IS THE REVERSAL OF CHINA’S ONE-CHILD POLICY THE MAGIC BULLET?

Deng Xiaoping was the Communist Leader who led China from the late 1970s until his death in 1997. During that time, he introduced elements of a market-based economy, as well as various social reforms. One of the best-known reform is the One-Child Policy, whereby couples may only have one child.  Over time, some 22 exceptions had been permitted; however, they were not widely-known until several years ago.

In 1980, when One-Child was established, China could not produce sufficient food to feed it’s growing population.  That family planning, which was introduced under Chairman Deng, may have been necessary at the time; however, it has become a serious detriment to economic and social growth over the years since.  Currently, China has an aging work force because women have been unable to have the 2.1 children, on average, needed just to replenish the current population and, thus, the labor supply.

Over the 35 years since One-Child was instituted: women have been attending college and joining the work force; the shortage of millions of women of marriage age further compounds the shortage of young children; most of the better-paying jobs are in the big cities, away from the traditional family caretakers; and the cost of living is increasing by Chinese standards.

The government has announced that, starting next year, couples will be allowed to have two children; but, they must be spaced apart.  That may sound like a solution has finally been devised; however, the labor shortfall is not something that will disappear in 20 years, when children born today begin to join the work force of tomorrow.

In regions where women could have applied for permission to have a second child, and knew it, only about 12% have actually done so.  The shortage of women, due to female fetuses being aborted, in favor of males, and the expense of rearing a second child, have further compounded the problem.  Also, if every young woman desired to have a second child, what about the expected shortage of: midwives; daycare centers; schools; etc?

Let me back up for a moment.  China does not have a social safety net, per se.  As a result, children are expected to take care of the older generation. And, in many developing countries, it is still preferable to have male children support you, especially in China where you could only have one child.  Thus, there are some 60 million more young men than women.  The abortion of some female fetuses is responsible for that shortfall.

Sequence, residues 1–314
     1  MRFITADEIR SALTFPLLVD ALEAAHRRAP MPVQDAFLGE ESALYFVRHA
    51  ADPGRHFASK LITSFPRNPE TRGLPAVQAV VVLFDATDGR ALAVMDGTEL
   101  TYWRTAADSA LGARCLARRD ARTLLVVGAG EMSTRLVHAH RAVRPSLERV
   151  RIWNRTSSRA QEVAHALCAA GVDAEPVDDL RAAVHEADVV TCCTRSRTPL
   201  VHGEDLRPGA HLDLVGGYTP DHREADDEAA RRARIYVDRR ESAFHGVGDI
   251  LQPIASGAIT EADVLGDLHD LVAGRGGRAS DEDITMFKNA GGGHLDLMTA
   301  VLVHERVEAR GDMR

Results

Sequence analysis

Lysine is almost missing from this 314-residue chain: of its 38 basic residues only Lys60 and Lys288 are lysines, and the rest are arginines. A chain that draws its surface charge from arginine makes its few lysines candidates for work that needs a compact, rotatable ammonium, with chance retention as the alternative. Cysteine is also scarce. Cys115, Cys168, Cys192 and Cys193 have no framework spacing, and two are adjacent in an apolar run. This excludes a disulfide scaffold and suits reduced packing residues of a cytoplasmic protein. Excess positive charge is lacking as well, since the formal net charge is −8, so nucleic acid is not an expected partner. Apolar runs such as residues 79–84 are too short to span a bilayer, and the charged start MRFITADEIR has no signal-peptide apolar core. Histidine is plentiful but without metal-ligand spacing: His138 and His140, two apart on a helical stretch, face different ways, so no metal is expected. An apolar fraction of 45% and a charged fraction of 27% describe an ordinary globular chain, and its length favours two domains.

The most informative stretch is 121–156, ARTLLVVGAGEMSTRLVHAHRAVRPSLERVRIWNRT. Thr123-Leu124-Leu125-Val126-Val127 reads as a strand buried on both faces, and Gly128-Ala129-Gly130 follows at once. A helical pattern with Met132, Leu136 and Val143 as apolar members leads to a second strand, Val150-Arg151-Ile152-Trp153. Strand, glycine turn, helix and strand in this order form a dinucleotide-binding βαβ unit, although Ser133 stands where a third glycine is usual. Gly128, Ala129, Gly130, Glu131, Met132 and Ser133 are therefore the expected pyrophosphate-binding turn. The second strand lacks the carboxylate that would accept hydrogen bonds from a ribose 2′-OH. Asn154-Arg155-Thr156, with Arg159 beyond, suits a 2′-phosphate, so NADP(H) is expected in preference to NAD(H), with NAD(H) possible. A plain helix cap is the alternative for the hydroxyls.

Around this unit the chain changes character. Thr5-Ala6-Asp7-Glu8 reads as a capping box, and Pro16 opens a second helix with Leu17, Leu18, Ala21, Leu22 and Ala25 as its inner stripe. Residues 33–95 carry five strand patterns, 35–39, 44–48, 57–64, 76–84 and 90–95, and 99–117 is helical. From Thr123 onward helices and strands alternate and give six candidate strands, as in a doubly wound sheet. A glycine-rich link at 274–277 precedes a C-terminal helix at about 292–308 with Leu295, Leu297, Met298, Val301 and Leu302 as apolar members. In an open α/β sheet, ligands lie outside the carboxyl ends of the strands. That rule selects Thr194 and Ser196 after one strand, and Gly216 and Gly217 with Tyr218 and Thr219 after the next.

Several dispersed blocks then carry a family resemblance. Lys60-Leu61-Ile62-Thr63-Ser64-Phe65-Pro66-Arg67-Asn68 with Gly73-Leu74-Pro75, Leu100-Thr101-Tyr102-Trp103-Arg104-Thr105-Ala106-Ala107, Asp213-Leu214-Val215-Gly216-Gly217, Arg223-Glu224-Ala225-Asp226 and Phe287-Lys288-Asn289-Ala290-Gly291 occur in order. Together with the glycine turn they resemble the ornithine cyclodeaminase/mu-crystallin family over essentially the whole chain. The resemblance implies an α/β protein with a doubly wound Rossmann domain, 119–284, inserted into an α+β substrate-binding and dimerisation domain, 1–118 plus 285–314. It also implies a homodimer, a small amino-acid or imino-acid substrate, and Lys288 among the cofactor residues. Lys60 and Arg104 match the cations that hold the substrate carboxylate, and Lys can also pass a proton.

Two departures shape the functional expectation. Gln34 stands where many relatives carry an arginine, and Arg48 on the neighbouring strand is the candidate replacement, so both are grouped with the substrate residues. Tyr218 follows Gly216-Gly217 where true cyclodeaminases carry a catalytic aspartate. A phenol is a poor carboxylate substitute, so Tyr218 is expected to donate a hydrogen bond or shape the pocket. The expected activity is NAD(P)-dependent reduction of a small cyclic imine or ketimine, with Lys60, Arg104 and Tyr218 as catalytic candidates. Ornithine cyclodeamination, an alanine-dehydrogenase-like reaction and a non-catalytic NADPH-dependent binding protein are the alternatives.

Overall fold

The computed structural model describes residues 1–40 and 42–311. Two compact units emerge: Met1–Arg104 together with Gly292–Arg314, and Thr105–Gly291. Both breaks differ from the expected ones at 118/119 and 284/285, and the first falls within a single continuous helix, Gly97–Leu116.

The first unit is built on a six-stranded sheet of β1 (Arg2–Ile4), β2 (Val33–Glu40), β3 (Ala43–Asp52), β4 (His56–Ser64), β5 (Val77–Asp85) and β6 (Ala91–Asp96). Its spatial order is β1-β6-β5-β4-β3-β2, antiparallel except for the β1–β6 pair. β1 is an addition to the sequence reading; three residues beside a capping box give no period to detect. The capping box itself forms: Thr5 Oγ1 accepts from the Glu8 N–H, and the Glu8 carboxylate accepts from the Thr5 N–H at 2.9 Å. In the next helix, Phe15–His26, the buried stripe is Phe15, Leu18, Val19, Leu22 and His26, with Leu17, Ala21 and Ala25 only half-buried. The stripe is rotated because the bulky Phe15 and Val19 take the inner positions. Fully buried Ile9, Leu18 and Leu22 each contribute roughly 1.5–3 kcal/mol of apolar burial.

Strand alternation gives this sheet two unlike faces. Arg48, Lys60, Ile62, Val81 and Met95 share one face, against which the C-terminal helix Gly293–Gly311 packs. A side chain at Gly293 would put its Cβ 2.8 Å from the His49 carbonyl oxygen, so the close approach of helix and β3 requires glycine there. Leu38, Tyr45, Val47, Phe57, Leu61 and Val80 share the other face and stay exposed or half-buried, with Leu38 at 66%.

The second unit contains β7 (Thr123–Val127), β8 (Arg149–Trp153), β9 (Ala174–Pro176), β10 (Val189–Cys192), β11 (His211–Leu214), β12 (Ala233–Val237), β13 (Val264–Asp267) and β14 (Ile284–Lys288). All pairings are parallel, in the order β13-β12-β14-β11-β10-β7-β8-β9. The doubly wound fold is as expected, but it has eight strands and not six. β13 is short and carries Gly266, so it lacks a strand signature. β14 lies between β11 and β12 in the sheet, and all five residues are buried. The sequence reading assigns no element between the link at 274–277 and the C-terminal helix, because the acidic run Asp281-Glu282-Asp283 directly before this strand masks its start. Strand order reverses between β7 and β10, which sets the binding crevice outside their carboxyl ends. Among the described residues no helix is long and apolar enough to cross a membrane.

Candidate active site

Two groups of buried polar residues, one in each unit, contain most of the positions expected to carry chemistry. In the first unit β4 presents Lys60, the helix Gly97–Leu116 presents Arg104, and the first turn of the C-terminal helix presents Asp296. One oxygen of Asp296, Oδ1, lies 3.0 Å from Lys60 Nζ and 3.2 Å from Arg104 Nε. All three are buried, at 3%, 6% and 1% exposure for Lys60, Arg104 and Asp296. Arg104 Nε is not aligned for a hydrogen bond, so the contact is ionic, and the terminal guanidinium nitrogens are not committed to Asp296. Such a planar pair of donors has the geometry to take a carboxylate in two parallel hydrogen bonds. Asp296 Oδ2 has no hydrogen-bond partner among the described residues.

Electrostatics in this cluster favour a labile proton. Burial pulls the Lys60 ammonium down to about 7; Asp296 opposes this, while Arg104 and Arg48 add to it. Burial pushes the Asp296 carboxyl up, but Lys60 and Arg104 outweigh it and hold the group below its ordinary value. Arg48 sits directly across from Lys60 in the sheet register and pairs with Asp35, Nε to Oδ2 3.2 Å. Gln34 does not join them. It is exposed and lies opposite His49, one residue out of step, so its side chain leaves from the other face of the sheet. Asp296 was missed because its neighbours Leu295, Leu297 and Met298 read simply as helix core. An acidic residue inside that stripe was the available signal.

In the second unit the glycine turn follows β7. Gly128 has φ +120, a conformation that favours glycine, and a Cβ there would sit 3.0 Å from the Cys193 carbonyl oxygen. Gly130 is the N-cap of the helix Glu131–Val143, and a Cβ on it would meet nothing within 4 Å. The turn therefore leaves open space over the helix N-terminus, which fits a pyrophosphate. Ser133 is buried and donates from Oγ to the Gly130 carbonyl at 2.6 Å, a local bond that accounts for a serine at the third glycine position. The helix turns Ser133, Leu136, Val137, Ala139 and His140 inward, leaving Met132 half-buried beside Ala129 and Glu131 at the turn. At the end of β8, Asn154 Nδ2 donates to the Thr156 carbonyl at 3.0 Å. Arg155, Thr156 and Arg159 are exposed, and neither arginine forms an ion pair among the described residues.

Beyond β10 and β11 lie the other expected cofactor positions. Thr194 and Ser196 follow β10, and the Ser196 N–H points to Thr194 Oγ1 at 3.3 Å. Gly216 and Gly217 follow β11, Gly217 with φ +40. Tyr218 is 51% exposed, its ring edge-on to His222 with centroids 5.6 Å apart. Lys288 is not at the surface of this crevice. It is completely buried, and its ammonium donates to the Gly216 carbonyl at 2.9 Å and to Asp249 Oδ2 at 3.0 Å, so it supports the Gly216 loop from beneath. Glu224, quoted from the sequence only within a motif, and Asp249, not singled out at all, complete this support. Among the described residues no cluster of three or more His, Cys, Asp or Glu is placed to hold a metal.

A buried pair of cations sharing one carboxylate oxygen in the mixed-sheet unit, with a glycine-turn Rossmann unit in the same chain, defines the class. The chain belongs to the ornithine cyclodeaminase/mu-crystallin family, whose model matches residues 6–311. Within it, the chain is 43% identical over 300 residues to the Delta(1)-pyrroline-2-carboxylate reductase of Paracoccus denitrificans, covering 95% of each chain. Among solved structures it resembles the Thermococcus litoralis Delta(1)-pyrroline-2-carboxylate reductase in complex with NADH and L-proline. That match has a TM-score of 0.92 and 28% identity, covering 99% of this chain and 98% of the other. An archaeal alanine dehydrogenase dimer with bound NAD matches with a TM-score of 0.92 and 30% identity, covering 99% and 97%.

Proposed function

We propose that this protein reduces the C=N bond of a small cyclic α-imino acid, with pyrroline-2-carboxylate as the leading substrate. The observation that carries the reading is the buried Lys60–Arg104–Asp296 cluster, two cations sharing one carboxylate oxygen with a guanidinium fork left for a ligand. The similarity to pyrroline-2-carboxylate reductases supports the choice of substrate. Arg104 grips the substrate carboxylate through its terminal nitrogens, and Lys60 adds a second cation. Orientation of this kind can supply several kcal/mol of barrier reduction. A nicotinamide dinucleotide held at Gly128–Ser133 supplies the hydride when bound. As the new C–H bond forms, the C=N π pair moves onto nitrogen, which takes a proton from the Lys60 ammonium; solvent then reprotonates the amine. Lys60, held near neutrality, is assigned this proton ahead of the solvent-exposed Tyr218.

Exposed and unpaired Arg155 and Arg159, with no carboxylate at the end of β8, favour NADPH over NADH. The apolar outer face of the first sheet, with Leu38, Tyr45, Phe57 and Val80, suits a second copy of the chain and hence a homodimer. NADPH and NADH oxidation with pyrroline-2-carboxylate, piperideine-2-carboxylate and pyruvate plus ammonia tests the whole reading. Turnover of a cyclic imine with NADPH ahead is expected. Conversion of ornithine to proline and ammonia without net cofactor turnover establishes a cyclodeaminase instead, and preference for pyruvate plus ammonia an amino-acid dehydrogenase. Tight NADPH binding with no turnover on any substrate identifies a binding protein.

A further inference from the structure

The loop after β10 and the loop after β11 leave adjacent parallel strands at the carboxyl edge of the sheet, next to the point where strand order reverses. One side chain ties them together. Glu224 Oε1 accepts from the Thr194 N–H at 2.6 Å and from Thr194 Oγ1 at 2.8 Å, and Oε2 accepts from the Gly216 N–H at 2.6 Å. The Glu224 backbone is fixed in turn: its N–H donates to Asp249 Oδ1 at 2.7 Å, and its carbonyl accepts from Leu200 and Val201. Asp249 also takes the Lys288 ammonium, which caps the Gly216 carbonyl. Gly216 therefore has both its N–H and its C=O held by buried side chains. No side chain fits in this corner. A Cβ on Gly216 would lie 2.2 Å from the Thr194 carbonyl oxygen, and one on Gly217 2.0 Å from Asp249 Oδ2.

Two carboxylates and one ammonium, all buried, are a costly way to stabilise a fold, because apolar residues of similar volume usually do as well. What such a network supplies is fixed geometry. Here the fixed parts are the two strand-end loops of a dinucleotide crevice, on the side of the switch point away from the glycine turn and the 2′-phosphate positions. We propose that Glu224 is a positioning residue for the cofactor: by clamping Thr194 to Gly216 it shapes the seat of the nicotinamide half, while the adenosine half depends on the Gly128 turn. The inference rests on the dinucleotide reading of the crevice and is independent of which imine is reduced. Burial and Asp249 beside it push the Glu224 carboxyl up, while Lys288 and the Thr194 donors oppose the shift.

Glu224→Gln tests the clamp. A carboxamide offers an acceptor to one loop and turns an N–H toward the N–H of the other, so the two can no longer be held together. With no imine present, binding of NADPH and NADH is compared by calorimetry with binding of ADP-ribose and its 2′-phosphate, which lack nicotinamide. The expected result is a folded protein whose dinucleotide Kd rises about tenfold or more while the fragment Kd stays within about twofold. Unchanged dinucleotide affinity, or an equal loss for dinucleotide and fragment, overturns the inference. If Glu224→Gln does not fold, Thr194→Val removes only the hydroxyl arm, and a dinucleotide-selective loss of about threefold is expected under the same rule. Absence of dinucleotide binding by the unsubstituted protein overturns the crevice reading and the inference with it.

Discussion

The development of the Chinese economy and the One-Child policy are both responsible for this problem. Young people have migrated to the major cities in search of jobs.  They appear to like the much busier lifestyle; but, the cost of living is higher.  Also, according to current policy, their children would have to return to their home regions for high school and college, even though the better schools are in the big cities.

So several things would have to change in order to begin lowering the age of the work force.  China needs to tear-down some of these barriers and update various services to accommodate a large increase in working mothers with children.  Perhaps the state can provide some financial incentives for couples to have a second child, and eliminate any restrictions whatsoever.  Lastly, let nature free, and allow the young couples to decide for themselves.

Remember, this is China.  Can it happen?  Will it happen?

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  1. #1 by Russell Manning on November 1, 2015 - 8:09 AM

    And I read that since the announcement, condom sales have dropped significantly.

    • #2 by cheekos on November 1, 2015 - 2:10 PM

      Russell, short Trojan stock, huh?

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